The union of Tannadice to St Mary’s College continued at the Reformation.  At that date it was noted that the parsonage and vicarage were together valued at £237 5s 4d.  In the College rental it was recorded that the church was in the hands of Mr Henry Lumsden, who had been Chamberlain of the Archbishopric of St Andrews from at least 1533.  Lumsden was described as ‘usufructur’ of the church but that he paid the college, which had title to Tannadice, a yearly fee of £66 13s 4d.(12)

Notes

1. J M Mackinlay, Ancient Church Dedications in Scotland: Non-scriptural Dedications (Edinburgh, 1914), 58.

2. Liber Cartarum Prioratus Sancti Andree in Scotia (Bannatyne Club, 1841), 64 [hereafter St Andrews Liber].

3. Regesta Regum Scottorum, ii, The Acts of William I, ed G W S Barrow (Edinburgh, 1971), no.333.

4. St Andrews Liber, 93, 100, 231.

5. A O Anderson (ed), Early Sources of Scottish History, ii (Edinburgh, 1922), 522.

6. Calendar of Entries in the Papal Registers Relating to Great Britain and Ireland: Papal Letters, i, 1198-1304, ed W H Bliss (London, 1893), 220.  In 1352, Queen Joan, wife of King David II, requested the presentation of her clerk, John of Kettins, to the church, which was one of the wealthiest free parsonages in Angus.

7. A I Dunlop (ed), ‘Bagimond’s Roll: Statement of the Tenths of the Kingdom of Scotland’, Miscellany of the Scottish History Society, vi (1939), 36.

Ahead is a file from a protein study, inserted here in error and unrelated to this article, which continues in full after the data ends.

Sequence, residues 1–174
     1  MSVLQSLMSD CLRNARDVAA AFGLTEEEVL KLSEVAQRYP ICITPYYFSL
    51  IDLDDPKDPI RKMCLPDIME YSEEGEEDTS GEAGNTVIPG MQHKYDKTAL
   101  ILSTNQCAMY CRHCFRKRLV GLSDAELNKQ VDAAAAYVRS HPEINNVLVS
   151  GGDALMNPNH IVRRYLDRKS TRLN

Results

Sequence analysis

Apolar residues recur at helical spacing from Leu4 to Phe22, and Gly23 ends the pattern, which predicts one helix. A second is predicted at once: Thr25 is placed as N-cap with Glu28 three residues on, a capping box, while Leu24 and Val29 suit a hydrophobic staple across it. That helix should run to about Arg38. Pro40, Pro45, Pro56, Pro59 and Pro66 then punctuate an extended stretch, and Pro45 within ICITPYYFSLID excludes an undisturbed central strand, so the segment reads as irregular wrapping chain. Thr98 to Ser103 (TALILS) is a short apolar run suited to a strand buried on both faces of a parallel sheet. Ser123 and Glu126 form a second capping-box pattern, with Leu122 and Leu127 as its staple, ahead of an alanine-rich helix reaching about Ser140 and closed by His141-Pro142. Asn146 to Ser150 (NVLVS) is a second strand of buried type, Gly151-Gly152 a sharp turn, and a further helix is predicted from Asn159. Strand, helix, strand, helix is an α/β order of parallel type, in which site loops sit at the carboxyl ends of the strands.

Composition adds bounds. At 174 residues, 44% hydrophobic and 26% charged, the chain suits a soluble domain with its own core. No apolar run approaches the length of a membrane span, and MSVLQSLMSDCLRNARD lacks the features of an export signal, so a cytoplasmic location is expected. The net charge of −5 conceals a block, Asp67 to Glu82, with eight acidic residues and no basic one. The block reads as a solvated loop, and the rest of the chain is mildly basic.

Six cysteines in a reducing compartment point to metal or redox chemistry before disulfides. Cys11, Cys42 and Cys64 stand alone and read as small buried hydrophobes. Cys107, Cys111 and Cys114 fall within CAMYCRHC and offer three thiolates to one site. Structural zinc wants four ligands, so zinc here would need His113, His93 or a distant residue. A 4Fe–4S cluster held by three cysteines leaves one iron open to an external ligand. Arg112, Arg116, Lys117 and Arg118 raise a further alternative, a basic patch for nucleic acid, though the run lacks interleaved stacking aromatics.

8. Calendar of Entries in the Papal Registers Relating to Great Britain and Ireland: Papal Letters, ii, 1305-1342, ed W H Bliss (London, 1895), 208, 227; Calendar of Entries in the Papal Registers Relating to Great Britain and Ireland: Papal Letters, iii, 1342-1362, ed W H Bliss and C Johnson (London, 1897), 184, 442; Calendar of Papal Letters to Scotland of Clement VII of Avignon 1378-1394, ed C Burns (Scottish History Society, 1976), 136-182; Calendar of Papal Letters to Scotland of Benedict XIII of Avignon 1394-1419, ed F McGurk (Scottish History Society, 1976), 12, 19, 21, 130-131, 141, 217, 287-8; Calendar of Scottish Supplications to Rome, ii, 1423-1428, ed A I Dunlop (Scottish History Society, 1956), 235; Calendar of Scottish Supplications to Rome, iii, 1428-1432, eds A I Dunlop and I B Cowan (Scottish History Society, 1970), 151, 158; Calendar of Scottish Supplications to Rome, iv, 1433-1447, eds A I Dunlop and D MacLauchlan (Glasgow, 1983), nos 127, 134, 375, 378a, 676, 687, 689, 832, 845, 1024; Calendar of Scottish Supplications to Rome, v, 1447-1471, eds J Kirk, R J Tanner and A I Dunlop (Glasgow, 1997), nos 126, 213, 529, 812, 1316, 1414, 1485, 1492, 1507; Calendar of Entries in the Papal Registers Relating to Great Britain and Ireland: Petitions to the Pope, ed W H Bliss (London, 1896), 227.